“I am concerned about my younger kids not attending summer school because I have seen the huge improvement they have made during the previous years when he others attended,” Reyna said. “And I like the fact that they don’t get disconnected from the school.”

Reyna says she plans to enroll her kids in a free church program over the summer, hoping that they’ll get to practice English there. At Airport Heights, students speak around a dozen different languages and about one third of students are learning English as a second language. Test scores have been low at the school, but they are slowly improving. Educators worry that without summer school those gains could be lost.

Majalisa Pratt has been an English language teacher for the district for more than a decade. Private summer programs, she says, are often costly and out of reach for most of the families she serves.

“My families are Title 1 families,” Pratt said. “They can’t afford to pay for something.”

“So, a lot of the camps you could go to, Campfire – things like that, that have enrichment programs, they can’t afford it.”

Pratt notes that free church and community programs do not have the academic focus of summer school and she doesn’t think they can actually take up the slack left by the district.

Second grade teacher Marcy Jasper says she’s bracing for the impact.

“This will be my first year where I know those kids aren’t getting the extra support so I guess I’m going to see the loss of English over the summer,” Jasper said. “So I guess next fall I can have more to say on that.”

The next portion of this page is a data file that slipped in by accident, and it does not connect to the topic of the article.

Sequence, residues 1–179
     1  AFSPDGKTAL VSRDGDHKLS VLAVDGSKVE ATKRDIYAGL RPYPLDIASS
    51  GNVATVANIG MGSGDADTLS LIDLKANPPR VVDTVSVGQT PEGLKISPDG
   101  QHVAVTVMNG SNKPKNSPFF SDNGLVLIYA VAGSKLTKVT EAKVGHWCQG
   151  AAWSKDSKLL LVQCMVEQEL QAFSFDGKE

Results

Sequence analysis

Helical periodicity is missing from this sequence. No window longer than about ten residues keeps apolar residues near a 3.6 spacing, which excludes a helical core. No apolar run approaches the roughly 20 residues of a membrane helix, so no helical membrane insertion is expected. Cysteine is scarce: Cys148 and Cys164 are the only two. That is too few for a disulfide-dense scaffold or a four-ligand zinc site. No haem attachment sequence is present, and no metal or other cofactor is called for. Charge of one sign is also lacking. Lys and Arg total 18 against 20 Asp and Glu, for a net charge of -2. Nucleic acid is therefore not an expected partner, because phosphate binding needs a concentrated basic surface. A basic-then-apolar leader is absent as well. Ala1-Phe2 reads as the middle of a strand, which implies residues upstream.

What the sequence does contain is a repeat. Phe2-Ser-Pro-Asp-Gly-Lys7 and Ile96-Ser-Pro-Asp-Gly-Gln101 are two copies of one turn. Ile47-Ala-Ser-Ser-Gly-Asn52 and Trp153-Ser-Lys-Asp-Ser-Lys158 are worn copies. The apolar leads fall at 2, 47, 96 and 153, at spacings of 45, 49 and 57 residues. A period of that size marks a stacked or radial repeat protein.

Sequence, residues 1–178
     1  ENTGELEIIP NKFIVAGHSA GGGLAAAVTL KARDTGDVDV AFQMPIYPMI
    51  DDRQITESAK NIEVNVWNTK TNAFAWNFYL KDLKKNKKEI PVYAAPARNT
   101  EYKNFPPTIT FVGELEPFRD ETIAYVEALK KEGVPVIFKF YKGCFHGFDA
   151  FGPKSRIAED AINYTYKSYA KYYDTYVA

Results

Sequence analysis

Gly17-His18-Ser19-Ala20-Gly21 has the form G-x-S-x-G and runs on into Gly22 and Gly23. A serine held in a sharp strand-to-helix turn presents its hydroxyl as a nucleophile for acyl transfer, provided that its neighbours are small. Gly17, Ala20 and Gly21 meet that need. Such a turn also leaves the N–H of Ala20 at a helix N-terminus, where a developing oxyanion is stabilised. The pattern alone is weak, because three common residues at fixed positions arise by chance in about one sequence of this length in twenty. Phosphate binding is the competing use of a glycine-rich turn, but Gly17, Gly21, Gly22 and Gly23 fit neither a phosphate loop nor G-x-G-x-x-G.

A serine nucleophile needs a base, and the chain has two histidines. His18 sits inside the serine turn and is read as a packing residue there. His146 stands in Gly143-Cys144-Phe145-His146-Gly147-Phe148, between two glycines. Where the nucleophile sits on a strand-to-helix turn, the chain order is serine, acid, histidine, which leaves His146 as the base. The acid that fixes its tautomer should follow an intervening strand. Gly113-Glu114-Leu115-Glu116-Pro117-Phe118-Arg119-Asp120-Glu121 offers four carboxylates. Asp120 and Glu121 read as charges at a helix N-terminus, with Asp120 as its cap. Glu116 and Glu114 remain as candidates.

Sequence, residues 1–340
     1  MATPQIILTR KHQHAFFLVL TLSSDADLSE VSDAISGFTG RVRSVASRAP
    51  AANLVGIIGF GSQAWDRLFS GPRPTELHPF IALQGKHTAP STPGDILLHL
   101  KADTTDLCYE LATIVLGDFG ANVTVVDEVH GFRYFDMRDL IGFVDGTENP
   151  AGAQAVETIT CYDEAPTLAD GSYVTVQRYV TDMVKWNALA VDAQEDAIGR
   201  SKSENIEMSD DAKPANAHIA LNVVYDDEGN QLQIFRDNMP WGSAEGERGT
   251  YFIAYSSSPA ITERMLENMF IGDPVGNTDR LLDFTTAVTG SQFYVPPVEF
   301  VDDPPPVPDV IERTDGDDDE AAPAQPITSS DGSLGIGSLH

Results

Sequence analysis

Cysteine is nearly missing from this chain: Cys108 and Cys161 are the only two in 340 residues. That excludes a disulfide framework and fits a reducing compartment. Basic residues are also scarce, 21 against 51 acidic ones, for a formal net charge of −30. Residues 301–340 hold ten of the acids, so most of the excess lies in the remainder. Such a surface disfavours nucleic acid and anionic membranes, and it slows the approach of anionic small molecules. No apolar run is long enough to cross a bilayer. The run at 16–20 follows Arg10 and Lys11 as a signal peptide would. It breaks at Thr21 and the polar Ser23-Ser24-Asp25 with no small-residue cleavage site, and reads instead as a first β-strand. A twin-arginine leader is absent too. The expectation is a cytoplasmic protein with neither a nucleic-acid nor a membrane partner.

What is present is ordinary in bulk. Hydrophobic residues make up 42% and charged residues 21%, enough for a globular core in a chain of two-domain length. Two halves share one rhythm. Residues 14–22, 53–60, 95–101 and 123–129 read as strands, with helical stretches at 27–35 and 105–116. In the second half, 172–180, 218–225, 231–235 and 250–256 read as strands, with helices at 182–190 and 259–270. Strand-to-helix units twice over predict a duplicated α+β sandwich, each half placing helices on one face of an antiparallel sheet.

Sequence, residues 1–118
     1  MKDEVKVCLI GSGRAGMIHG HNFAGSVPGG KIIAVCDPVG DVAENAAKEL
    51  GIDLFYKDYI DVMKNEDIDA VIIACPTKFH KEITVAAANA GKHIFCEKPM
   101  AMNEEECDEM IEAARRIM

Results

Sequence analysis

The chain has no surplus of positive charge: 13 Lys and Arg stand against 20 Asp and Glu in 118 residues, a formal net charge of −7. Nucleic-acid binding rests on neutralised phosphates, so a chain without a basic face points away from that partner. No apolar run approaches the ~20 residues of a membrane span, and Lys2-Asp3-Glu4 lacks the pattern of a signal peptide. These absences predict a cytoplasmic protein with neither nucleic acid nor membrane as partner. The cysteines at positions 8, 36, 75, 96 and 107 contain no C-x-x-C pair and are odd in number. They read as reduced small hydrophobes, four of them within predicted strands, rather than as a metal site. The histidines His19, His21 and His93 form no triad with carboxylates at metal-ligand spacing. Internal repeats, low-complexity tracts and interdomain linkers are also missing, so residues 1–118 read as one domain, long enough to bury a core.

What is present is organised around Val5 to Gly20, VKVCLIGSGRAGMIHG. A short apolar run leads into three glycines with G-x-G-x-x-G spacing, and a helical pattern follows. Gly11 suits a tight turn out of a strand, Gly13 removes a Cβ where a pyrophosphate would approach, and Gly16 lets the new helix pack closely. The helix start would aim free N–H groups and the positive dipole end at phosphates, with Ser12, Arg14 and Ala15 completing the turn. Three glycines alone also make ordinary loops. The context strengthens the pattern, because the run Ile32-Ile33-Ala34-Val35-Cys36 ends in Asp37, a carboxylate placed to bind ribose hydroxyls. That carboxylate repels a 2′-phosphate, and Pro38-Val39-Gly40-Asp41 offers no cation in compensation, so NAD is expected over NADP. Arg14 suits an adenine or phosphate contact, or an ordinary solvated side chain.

In addition, teachers and administrators at Airport Heights say they’re nervous about more possible cuts to programs that support English language learners in August, just before school starts.

The stories in this series were produced through a fellowship from the Institute for Justice & Journalism.

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Daysha Eaton is a contributor with the Alaska Public Radio Network. Daysha Eaton holds a B.A. from Evergreen State College, and a M.A. from the University of Southern California. Daysha got her start in radio at Seattle public radio stations, KPLU and KUOW. Before coming to KBBI, she was the News Director at KYUK in Bethel. She has also worked as the Southcentral Reporter for KSKA in Anchorage. Daysha's work has appeared on NPR's "Morning Edition" and "All Things Considered", PRI's "The World" and "National Native News". She's happy to take assignments, and to get news tips, which are best sent via email. Daysha became a journalist because she believes in the power of storytelling. Stories connect us and they help us make sense of our world. They shed light on injustice and they comfort us in troubled times. She got into public broadcasting because it seems to fulfill the intention of the 4th Estate and to most effectively apply the freedom of the press granted to us through the Constitution. She feels that public radio has a special way of moving people emotionally through sound, taking them to remote places, introducing them to people they would not otherwise meet and compelling them to think about issues they might ordinarily overlook.